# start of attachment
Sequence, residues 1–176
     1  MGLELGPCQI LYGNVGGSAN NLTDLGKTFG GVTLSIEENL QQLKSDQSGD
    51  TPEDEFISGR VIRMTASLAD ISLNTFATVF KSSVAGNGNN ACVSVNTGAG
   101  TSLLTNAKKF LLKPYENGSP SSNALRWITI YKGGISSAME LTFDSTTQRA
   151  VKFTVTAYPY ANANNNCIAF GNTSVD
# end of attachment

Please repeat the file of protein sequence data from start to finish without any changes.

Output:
Sequence, residues 1–176
     1  MGLELGPCQI LYGNVGGSAN NLTDLGKTFG GVTLSIEENL QQLKSDQSGD
    51  TPEDEFISGR VIRMTASLAD ISLNTFATVF KSSVAGNGNN ACVSVNTGAG
   101  TSLLTNAKKF LLKPYENGSP SSNALRWITI YKGGISSAME LTFDSTTQRA
   151  VKFTVTAYPY ANANNNCIAF GNTSVD